Red pandas are one of the most popular animals at ZSL Whipsnade Zoo with their cute, furry appearance.
In fact, their long, thick fur is to protect them from their rainy, mountainous habitat in the Himalayas and the reddish brown colour helps them blend in with the trees they inhabit. They are endangered in the wild mainly due to habitat destruction.
Spotting a red panda...
Red pandas are rather shy creatures naturally, but with a little patience it's easy to spot our red pandas at ZSL Whipsnade Zoo. Red pandas are more active during the afternoon and evening so you can usually spot our red pandas resting up in their big tree during the day, either curled up to keep warm or stretched out to cool off.
Could Tashi, our red panda, be blushing red for her new male resident?
Red pandas are notoriously shy animals, so it’s taking Tashi some time getting used to sharing her den with new male on the block – Blue.
Blue has been at ZSL Whipsnade Zoo for the past couple of years, living in an off-show enclosure. In the last few months he has been introduced into Tashi’s bachelorette pad, and is now making himself at home.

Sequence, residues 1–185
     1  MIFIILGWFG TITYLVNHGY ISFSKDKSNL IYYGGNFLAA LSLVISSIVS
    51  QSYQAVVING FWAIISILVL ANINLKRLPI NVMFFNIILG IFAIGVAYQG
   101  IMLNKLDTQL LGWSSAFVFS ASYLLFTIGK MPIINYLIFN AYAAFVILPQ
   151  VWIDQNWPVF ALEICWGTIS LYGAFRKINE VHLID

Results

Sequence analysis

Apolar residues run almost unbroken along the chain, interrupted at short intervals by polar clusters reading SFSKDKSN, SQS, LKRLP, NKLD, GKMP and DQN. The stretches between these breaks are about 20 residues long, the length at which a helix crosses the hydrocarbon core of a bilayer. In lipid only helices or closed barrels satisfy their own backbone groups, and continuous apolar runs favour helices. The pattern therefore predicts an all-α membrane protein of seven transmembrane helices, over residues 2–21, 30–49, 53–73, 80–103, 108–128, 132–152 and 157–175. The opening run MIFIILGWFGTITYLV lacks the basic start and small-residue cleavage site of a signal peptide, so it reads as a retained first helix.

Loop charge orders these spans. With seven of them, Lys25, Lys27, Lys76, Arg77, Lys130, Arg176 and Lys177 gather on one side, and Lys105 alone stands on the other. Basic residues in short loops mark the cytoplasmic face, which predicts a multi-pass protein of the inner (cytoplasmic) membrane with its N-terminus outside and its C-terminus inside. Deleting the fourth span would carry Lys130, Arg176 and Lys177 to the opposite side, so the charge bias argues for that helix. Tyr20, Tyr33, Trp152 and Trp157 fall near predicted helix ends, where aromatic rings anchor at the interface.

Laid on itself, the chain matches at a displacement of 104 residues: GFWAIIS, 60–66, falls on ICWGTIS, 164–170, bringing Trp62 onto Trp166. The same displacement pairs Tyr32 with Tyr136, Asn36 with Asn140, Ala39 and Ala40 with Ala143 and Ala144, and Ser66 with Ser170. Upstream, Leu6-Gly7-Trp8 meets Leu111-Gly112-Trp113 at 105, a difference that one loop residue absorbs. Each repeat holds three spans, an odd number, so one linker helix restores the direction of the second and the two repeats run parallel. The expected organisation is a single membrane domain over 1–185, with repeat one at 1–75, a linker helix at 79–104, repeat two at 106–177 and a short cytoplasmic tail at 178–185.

“We’re introducing the pair with the hope that the two will breed,” says Senior Keeper Steve Perry. “So far it appears to be going well; I’ve definitely seen some cuddling in the mornings.”
Though red pandas like to spend most of their time by themselves, both Blue and Tashi are still finding time to get to know each other. When they’re not having some early morning snuggling, Blue has taken to hiding in his tree. Climbing is favourite occupation of most red pandas, which use their skills as a defence tactic against threats.
“He doesn’t really mess around too much. Mostly he’ll be up in his tree, up until dinner time… then he comes down and has a massive scoff!” Perhaps Tashi knows that the best way to a man’s heart is through his stomach?
As the temperature cools for the upcoming winter months, keepers are hopeful that this chill will inspire some heated romance between the red panda pair. Hailing from as far as the mountains of Nepal, red pandas are naturally adapted to cold weather.
Traditionally, they stay warm by utilising their dense red fur, but we like to think some more cuddles will keep this pair feeling toasty in the coming winter months.
Tashi has already once proven herself to be an excellent mother, when she birthed two healthy cubs last year . It is hoped that she will have repeat success with Blue. The red pandas are categorised as ‘vulnerable’ in the wild, with fewer than 10,000 thought to remain.